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The Unreliable Guide To… Childhood Play

By Nat Shepherd on September 2, 2019 in Satire

Before the iPhone, by David Boon.

Undirected or child-driven play, where kids get to run amok and have fun without adult interference, is so important to their development that it has been recognised by the United Nations as a human right. According to paediatrician Kenneth R. Ginsburg, “Play allows children to create and explore a world they can master, conquering their fears while practising adult roles.” Many parents, perhaps due to media scaremongering, don’t believe kids are safe out by themselves. Most kids have next to no time for free play; they’re either busy attending organised activities or passively staring at screens. I interviewed a varied group of over 40s – that last generation to grow up without 24/7 tech – to see what childhood was like for them.

Outback Australia
“By today’s standards we were a large family, there were six of us and I was in the middle so I always had someone to play with. We had an enormous sense of freedom. Our property was a fair way from the local town so we mucked about like galahs from dawn till dusk – all the kids did. We knew everyone nearby so there was always someone you could ask for help if one of the littlies fell in the creek or something. Mum expected us home for our dinner, the rest of the time she’d have spat the dummy if we stayed at home, getting under her feet.”

Suburban United Kingdom
“Ours was a small family, just me and my brother, but we made up for that by linking up with the rest of the kids in our street. The road was ours most of the time, games of hopscotch or cricket only paused to let a car go by. When that got boring we’d head over to the local park and explore, or scrump apples from neighbours’ gardens. We had to be home before dark, that was it. We were aware of the possibility of ‘bad men’, there was a weirdo in the park who sometimes flashed his willy, but he was no more scary than the mad dog that lived at the end of the street. We just laughed at him and ran away.”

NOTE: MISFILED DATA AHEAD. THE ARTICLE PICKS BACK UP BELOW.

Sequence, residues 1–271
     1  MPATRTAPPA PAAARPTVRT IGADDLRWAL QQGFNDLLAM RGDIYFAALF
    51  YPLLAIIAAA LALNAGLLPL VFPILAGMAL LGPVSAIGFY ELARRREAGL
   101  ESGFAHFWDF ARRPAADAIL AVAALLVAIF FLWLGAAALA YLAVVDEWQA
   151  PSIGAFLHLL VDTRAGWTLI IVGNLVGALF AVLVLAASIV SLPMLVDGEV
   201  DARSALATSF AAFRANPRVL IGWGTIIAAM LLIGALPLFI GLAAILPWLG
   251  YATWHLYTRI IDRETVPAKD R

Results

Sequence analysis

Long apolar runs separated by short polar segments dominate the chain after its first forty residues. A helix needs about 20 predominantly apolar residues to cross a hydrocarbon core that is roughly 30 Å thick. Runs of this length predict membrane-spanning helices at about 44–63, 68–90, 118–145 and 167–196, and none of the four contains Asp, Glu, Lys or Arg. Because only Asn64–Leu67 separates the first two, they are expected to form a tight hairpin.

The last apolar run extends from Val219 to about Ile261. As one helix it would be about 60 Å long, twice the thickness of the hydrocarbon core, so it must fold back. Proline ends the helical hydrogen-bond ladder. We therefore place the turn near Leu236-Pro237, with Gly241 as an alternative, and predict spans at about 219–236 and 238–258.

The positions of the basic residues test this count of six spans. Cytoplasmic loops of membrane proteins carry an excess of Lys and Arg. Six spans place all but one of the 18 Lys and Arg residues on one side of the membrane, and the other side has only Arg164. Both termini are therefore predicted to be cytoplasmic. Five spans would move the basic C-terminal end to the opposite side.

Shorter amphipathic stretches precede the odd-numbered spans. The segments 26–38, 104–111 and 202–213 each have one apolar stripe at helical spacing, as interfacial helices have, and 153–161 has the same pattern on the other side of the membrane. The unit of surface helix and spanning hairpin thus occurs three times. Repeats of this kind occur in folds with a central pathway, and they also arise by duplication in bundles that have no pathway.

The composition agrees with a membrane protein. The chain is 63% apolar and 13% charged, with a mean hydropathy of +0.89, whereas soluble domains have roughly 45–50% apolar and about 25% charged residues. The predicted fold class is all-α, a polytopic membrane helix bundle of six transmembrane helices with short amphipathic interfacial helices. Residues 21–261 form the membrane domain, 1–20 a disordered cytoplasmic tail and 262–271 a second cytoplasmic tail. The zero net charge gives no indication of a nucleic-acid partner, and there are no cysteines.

Rural Ireland
“We were a large family, but not by the standards of the day. Five of us and I was the youngest. We were on a farm, so there was plenty of work to do and all the kids were expected to chip in to the family coffers. You’ve not got a great earning potential at seven, but sometimes tourists would pay us for pictures of the donkey and all that money went to our Ma. But that sounds like it was hard and it wasn’t. We had great craic, so much freedom. Everyone in the village knew everyone else, so there was always someone to keep an eye out for you or clip you round the ear for misbehaving.”

Suburban Sydney
“We had a large family, there were five of us in a large ramshackle house near the harbour. We knew most of the kids in our street and Mum actively encouraged us to be out of the house during daylight hours so she could get some peace and quiet. We used to catch the ferry sometimes into the city and just wander around. No one seemed to care. If you did that now I think people would probably stop you and ask where your parents were.”

Finally, The Unreliable Guide wonders if the world really is scarier now than when we were kids? Or are we overprotecting our children, letting them slide away into a virtual world that could be far more dangerous than the physical one? What do you think?

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